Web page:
The varieties and sites used were Grimmett at Gatton 1989-1992. Warwick 1989 - 1990 and Acland 1990, and Tallon at Allora, Brookstead, Jondaryan, Tannymorel - hillside site, Tannymorel - alluvial site and Gatton in 1992. Nitrogen rates (kg/ha) used were 0, 40, 80, 160 and 320 (Gatton 1989, Warwick 1989), 0, 45, 90, 130 and 195 (Gatton 1990) and 0, 40, 80, 120 and 160 (all other sites). Experimental designs used were randomised complete block (where one variety was grown) and split plot (where more than one variety was grown) with varieties as the main plots and nitrogen rate the sub-plots. Weed, disease and insect incidence were monitored and chemically controlled as necessary.

Four water regimes were used at Gatton in 1989 - irrigated (I); irrigated pre-anthesis, dryland thereafter (IPA); dryland pre-anthesis, irrigated thereafter (DPA); and dry land (D). Other trials were conducted under either irrigated (I) or dryland (D) conditions. Irrigation treatments were scheduled from pan evaporation and crop cover factors to limit accumulated water deficit to 40 mm (80 mm in 1991). Total irrigation applications at Gatton were: I - 305 mm , IPA - 150 mm, and DPA - 210 mm (1989); I - 190 mm (1990), 345 mm (1991) and 240 mm (1992). Grain yield was determined from quadrat samples taken at maturity and sub-samples from the grain were used to determine individual grain weight and grain protein concentration. The percentage of plump grain in Grimmett was determined from mean individual grain weight using the regression:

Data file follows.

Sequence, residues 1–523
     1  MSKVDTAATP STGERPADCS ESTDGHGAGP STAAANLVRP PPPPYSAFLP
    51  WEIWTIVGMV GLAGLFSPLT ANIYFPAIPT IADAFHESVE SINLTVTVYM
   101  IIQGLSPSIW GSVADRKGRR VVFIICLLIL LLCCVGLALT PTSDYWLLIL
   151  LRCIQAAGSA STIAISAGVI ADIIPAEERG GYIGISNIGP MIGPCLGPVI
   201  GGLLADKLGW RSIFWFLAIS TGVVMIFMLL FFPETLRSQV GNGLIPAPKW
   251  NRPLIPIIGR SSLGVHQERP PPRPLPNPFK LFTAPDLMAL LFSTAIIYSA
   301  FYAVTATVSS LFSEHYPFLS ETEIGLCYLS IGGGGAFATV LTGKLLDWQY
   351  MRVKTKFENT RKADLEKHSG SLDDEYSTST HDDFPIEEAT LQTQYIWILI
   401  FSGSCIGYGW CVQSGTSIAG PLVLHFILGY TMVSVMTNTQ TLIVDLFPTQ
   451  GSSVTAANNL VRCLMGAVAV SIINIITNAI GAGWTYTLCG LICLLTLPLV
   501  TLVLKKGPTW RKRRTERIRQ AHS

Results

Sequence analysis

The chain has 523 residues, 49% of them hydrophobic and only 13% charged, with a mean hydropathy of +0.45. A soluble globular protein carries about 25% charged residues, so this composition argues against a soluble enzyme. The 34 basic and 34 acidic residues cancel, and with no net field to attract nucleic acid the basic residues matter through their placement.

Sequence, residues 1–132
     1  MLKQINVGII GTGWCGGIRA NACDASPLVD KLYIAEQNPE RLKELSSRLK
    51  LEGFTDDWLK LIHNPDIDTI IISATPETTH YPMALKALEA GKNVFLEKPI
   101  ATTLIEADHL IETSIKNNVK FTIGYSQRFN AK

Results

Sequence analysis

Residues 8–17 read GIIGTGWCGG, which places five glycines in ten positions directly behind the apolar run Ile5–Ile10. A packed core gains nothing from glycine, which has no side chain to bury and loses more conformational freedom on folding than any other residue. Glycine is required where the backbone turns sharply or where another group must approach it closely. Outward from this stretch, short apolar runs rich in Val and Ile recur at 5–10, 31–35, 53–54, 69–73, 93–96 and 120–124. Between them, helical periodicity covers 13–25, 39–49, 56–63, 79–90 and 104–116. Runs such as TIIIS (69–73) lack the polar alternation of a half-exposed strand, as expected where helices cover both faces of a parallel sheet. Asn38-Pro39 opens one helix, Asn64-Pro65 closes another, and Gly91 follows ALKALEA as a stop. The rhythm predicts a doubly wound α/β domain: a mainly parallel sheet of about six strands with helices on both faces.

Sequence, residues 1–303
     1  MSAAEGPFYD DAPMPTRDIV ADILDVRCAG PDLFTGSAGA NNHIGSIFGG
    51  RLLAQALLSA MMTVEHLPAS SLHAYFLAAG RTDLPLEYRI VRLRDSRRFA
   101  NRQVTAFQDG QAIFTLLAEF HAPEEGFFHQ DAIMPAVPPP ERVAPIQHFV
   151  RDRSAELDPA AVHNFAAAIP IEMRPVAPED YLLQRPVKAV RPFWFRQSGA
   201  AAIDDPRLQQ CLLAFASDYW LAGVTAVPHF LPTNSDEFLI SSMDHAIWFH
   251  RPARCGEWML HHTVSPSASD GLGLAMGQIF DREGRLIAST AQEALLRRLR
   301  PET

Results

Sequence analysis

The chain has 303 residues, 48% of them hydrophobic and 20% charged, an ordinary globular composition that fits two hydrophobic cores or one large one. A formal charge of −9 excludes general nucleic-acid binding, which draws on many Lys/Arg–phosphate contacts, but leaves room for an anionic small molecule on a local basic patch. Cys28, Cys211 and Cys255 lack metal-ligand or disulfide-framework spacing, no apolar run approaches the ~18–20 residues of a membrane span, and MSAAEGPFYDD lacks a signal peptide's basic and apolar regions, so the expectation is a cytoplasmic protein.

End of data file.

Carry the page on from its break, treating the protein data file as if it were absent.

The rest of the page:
% of plump grain = -199.9 + 6.82*mean grain weight (r2 = 0.95) (H. Cox. pers. comm., 1993)

Grain protein concentration was calculated from grain nitrogen concentration determined by the standard Kjeldahl technique (assuming 1%N = 6.25% protein). Water supply to the crop was estimated from efficiency of storage (25%) of fallow rainfall, soil water holding capacity to I m (or if soil depth < 1 m, the limit of effective rooting depth) and in-crop rainfall to 2 weeks before maturity.

Results and discussion

Table I shows the amount (kg/ha) of pre-treatment nitrate and ammonium N to lm at the experimental sites, estimates of water use (mm) by the crops, control and maximum grain yields (GY) for Grimmett (G) and Tallon (T) for dryland production under two categories of estimated water use and under irrigated conditions. The N rate for 90% of maximum yield (0.9*Ymax) is also shown.

Table I. Variety, pretreatment nitrate (NO3-N) and ammonium (NH4-N), estimated water use (EW), control and maximum (Ymax) grain yields at 12% water content and N rate for 0.9*Ymax at various locations in four years.